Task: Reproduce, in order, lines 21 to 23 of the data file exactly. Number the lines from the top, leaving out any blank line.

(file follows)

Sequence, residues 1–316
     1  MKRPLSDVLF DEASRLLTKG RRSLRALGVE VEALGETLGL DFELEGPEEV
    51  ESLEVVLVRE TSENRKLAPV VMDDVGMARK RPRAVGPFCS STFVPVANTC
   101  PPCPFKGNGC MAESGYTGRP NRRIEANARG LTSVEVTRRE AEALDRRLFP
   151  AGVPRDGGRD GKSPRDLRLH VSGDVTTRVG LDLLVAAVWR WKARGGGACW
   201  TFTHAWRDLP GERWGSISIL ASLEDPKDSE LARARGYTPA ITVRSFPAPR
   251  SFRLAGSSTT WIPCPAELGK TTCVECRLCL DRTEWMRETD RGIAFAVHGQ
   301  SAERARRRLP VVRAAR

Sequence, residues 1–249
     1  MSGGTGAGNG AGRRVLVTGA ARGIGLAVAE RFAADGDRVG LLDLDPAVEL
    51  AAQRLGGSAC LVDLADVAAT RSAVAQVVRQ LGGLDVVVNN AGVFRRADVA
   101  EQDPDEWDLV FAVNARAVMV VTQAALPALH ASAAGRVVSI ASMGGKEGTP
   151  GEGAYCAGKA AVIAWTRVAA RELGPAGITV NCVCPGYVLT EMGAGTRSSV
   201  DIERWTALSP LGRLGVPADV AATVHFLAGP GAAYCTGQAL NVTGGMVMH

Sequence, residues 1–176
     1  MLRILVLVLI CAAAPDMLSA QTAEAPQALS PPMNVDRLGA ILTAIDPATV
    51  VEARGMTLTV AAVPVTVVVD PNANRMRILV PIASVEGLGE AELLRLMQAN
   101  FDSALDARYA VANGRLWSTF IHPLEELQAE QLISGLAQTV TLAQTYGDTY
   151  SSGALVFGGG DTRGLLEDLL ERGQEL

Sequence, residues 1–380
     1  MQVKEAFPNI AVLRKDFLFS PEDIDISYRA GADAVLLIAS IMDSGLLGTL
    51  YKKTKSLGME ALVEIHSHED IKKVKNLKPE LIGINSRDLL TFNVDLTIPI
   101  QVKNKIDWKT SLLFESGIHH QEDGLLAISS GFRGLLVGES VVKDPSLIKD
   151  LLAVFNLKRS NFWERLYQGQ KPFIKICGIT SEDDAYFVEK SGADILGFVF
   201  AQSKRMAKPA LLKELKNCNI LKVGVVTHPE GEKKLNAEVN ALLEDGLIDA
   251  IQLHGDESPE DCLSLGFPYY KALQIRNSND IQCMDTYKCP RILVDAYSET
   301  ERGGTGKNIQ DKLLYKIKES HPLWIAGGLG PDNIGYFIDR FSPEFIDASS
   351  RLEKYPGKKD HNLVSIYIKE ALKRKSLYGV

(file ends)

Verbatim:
     1  MQVKEAFPNI AVLRKDFLFS PEDIDISYRA GADAVLLIAS IMDSGLLGTL
    51  YKKTKSLGME ALVEIHSHED IKKVKNLKPE LIGINSRDLL TFNVDLTIPI
   101  QVKNKIDWKT SLLFESGIHH QEDGLLAISS GFRGLLVGES VVKDPSLIKD